See: Jersey Shore Fire a Reminder of the Importance of Having a Tight-Knit Business Community

Commercial Property Insurance Rates

How much can you expect to pay in rates? Frankly, there is no easy one-size-fits-all answer to that question. The cost varies dramatically depending on the characteristics of the property to be insured (COPE), the protective safeguards of the building, and the level of coverage you want.

Other factors can come into play as well, depending on how they increase or decrease your risk level. For instance, if your building was constructed using high-quality, fire-resistant materials, you’d pay less. If your building was equipped with the latest sprinkler systems, alarm systems, and other protections, those elements would also lower your risk, thus decreasing your rates.

Of course, some risk factors are harder to control. If you’re based in a high-crime area, you pay higher rates. Similarly, what your neighboring businesses do might also affect your commercial property insurance rates. If you’re located right next door to a business that works with flammable materials, it amplifies your level of risk, which in turn spikes your rates.

Your most significant risk factor, though, is usually the business itself. What your business does, the amount of property you need to insure, and the dollar value of that property are the factors that are going to dictate the ballpark cost of your rates. For example, a factory is going to cost a lot more to insure than a run-of-the-mill office, since there’s a lot more expensive equipment to cover.

To recap, generally, these are the main factors that are going to impact the cost of your commercial property insurance policy:

Geography: Where your business is located, what the land value is, how high or low the local crime rates are, and whether natural disasters are common in your area.

Safety: Does your business or a business located close to it use hazardous or flammable materials? How much have you invested in protecting it?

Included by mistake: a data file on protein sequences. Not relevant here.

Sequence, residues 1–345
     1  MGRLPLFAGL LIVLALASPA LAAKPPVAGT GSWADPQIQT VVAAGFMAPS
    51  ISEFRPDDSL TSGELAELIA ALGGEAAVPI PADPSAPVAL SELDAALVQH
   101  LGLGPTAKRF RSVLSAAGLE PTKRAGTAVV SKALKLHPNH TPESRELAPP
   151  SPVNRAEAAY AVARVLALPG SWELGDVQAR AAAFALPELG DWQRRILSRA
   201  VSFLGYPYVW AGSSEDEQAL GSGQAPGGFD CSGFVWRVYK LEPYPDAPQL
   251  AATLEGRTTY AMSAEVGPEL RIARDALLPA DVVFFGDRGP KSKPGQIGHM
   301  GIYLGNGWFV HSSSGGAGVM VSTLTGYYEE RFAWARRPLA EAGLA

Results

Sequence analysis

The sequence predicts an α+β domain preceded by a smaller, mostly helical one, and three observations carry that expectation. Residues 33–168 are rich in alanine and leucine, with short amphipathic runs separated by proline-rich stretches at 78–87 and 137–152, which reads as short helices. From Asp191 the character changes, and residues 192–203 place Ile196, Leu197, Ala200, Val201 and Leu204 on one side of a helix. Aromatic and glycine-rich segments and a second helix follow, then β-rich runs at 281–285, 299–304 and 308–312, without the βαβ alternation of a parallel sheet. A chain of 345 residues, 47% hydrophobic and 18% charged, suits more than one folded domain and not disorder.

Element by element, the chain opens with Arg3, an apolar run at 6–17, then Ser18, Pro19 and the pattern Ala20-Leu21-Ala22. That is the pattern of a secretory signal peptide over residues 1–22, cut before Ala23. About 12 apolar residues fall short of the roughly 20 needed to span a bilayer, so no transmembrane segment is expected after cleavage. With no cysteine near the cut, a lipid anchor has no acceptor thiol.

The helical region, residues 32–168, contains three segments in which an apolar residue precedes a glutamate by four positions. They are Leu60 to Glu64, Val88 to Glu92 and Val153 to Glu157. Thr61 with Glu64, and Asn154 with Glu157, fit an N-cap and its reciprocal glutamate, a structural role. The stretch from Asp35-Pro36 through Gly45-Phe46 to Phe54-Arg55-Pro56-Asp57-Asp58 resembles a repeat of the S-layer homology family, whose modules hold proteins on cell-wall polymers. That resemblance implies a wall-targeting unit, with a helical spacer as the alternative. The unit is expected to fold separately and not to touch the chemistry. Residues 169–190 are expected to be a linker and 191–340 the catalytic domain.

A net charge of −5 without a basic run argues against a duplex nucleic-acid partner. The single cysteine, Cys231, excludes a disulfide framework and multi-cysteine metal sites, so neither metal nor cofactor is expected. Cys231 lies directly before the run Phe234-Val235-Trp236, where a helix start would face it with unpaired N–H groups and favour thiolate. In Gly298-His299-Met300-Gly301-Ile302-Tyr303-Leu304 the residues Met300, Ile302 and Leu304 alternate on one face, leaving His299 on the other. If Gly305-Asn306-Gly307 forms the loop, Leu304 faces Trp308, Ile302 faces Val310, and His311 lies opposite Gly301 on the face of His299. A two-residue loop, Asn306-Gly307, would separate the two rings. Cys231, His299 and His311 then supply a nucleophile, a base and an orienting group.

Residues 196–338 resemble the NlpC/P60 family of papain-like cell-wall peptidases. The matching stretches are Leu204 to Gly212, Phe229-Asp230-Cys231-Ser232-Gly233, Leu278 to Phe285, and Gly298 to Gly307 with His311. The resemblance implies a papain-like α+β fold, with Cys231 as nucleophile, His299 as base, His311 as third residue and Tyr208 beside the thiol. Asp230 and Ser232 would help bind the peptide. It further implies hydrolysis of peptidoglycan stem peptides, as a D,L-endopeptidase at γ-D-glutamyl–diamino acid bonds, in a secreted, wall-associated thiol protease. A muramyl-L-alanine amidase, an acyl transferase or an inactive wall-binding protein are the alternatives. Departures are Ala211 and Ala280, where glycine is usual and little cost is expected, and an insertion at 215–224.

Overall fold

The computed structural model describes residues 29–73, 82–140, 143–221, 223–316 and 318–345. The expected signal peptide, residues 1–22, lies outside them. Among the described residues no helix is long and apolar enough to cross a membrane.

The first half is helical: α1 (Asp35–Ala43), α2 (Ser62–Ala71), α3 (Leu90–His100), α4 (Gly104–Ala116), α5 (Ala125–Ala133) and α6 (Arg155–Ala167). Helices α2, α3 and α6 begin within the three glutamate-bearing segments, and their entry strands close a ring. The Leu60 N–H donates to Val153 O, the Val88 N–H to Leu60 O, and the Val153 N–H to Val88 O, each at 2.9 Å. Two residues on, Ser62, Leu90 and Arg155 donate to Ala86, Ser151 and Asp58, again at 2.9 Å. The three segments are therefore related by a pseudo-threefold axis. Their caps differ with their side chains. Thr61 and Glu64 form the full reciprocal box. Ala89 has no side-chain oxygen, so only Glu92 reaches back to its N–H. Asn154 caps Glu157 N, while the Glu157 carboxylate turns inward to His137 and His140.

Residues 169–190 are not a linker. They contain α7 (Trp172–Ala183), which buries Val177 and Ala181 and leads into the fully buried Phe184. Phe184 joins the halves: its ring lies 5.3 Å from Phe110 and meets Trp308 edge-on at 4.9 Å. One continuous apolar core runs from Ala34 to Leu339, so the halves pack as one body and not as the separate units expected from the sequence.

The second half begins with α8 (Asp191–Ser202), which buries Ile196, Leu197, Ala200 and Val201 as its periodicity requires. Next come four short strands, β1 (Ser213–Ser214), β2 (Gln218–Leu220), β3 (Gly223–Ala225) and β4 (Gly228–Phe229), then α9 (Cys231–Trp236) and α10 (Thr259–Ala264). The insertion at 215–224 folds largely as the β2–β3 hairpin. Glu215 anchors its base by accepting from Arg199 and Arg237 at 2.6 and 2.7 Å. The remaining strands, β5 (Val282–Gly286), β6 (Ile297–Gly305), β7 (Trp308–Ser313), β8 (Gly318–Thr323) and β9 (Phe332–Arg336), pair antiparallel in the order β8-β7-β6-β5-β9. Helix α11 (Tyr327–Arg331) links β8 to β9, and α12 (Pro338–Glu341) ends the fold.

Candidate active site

COPE Data: Looking at the state of your building and equipment – how old and in what condition are they? When was the last time the electrical wiring was checked or changed in your building? In the case of an accident, how much money would it take to rebuild your building to code? How old is your equipment and how hard is it to repair the equipment? Is it easy to find parts for your equipment?

According to a recent report on property insurance, the impact of recent natural disasters will greatly affect commercial property rates in the coming years, particularly when it comes to property and assets located in areas at risk for wildfires, floods, and hurricanes, especially when for multifamily properties.

Getting Started

Whether you’re purchasing insurance for a new business or trying to lower your rates by improving your building with new safeguards, it’s important to understand all the variables discussed above.

Having quality, comprehensive protection for your building and all your property is essential if you are going to avoid expensive property replacements. From fires and burst pipes to high winds and hurricanes, your insurance policy will provide the protection you need to do business while maintaining peace of mind.

With that said, you can easily overspend on business property insurance if you aren’t sure exactly what you need, or don’t know what steps you can take to lower risk levels and costs.

Now that you have a better understanding of commercial property insurance, you may be wondering how all of this affects your business and where to go from here. If you need more help or information you can reach out to our team of expert brokers. If you prefer to get started on intelligent quotes, you can get started by creating an Embroker account today.

Having a quality commercial property insurance policy in place and a broker who can help you navigate the terms and conditions, as well as the claims process, can save you money and, more importantly, time.

Embroker is the easiest way to intelligently insure any business. We’re here to help!